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Redemption in Indigo: a novel Paperback – July 6, 2010

4.3 out of 5 stars 28 customer reviews

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Editorial Reviews

From Publishers Weekly

Starred Review. Lord's debut, a retelling of a Senegalese folktale, packs a great deal of subtly alluring storytelling into this small package. Paama flees her gluttonous husband, Ansige; two years later, he hires the master tracker Kwame to find her. Kwame reluctantly takes the job to finance his own wanderlust. These events draw the attention of the Indigo Lord, one of the powerful spirits called Djombi. He wielded the power of Chaos until it was taken from him and given to Paama, and he wants it back. An unnamed narrator, sometimes serious and often mischievous, spins delicate but powerful descriptions of locations, emotions, and the protagonists' great flaws and great strengths as they interact with family, poets, tricksters, sufferers of tragedy, and—of course—occasional moments of pure chaos. (June)
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From Booklist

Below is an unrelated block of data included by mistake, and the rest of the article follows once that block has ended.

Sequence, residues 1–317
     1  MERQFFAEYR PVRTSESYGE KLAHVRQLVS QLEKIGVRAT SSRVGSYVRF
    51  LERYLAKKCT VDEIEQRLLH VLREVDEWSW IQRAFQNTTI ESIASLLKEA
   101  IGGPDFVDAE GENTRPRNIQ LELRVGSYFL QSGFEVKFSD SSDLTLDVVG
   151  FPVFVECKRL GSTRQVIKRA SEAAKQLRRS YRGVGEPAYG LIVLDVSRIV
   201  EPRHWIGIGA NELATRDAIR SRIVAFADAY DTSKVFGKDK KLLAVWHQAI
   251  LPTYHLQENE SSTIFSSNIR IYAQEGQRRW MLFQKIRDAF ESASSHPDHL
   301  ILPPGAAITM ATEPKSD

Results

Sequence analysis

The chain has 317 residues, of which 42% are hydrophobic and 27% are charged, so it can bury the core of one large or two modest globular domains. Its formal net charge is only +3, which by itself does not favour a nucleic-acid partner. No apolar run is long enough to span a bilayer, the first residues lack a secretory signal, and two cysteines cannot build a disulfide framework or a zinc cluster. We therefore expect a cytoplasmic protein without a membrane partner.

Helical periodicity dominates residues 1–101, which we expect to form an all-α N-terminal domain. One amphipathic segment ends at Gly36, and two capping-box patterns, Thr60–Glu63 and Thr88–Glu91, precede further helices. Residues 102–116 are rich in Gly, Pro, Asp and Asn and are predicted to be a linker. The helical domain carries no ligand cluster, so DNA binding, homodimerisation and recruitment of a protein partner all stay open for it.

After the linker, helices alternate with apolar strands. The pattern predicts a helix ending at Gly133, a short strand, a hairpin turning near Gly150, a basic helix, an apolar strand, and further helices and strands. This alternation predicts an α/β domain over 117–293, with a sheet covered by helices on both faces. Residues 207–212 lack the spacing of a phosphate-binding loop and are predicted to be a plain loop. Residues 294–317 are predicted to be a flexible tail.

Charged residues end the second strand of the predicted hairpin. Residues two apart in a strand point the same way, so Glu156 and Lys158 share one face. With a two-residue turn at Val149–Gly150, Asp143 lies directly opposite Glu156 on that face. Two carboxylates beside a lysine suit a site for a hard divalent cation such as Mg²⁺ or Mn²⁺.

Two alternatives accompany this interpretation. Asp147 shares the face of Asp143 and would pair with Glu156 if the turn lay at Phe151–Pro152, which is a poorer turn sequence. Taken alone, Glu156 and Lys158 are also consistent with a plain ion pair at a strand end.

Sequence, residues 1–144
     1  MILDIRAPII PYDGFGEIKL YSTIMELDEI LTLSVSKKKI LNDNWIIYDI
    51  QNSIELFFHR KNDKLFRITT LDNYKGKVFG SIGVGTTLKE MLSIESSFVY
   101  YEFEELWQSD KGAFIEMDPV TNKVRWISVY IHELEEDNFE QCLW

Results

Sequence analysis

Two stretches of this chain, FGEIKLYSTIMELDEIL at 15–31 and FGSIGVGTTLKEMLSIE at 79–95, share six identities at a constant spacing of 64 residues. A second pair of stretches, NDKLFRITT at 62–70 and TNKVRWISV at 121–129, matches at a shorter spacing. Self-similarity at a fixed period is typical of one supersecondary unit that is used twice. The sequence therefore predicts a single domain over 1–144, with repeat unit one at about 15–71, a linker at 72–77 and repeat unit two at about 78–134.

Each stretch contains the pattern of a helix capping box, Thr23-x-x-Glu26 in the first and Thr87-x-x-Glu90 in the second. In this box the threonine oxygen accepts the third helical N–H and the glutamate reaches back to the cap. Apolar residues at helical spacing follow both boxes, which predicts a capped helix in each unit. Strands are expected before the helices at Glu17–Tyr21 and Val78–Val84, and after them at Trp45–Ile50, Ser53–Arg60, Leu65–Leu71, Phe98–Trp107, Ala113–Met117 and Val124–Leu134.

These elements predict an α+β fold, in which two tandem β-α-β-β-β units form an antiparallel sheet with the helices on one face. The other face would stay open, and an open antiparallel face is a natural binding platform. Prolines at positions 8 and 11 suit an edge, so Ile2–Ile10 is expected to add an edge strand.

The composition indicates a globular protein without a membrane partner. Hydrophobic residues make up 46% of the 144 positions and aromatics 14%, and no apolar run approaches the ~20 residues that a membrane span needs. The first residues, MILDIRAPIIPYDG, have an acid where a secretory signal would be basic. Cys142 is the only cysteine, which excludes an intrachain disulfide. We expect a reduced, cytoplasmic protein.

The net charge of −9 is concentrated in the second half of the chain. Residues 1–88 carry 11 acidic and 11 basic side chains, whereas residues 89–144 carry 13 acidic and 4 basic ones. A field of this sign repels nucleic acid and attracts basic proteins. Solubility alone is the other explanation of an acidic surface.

*Starred Review* Lord is Barbadian, and her first novel retells a Senegalese legend, setting it in a world not unlike the village West Africa of Ousmane Sembène's films. In it, humans and the undying spirits of such qualities as patience and chance as well as of tricksters, great (a spider, of course) and lesser, interact. In little Makende, Paama, who is a great cook, has returned to her family after 10 years of marriage to the gluttonous Ansige. To chastise Chance, Patience has seized the Chaos Stick, which can alter human disasters if seldom dispel them, and decided to give it to Paama. Chance's elaborate efforts to induce Paama to give it back to him constitute the principal strain of the plot, from which the narrator diverges in every other chapter to account for other characters who impinge on the main action. A great deal happens in the novel's relatively short course, but confusion is minimal because Lord has found the ideal voice for the narrator—feminine yet authoritative, amusing yet soothing, omniscient yet humble. This is one of those literary works of which it can be said that not a word should be changed. --Ray Olson

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Product Details

  • Paperback: 188 pages
  • Publisher: Small Beer Press (July 6, 2010)
  • Language: English
  • ISBN-10: 1931520666
  • ISBN-13: 978-1931520669
  • Product Dimensions: 5.5 x 0.8 x 8.5 inches
  • Shipping Weight: 13.6 ounces (View shipping rates and policies)
  • Average Customer Review: 4.3 out of 5 stars  See all reviews (28 customer reviews)
  • Amazon Best Sellers Rank: #513,964 in Books (See Top 100 in Books)

Customer Reviews

Top Customer Reviews

Format: Paperback
It's hard to go up against two starred reviews from twp prestigious review journals, plus a perfect five from everyone else. But I'm trying to be honest here.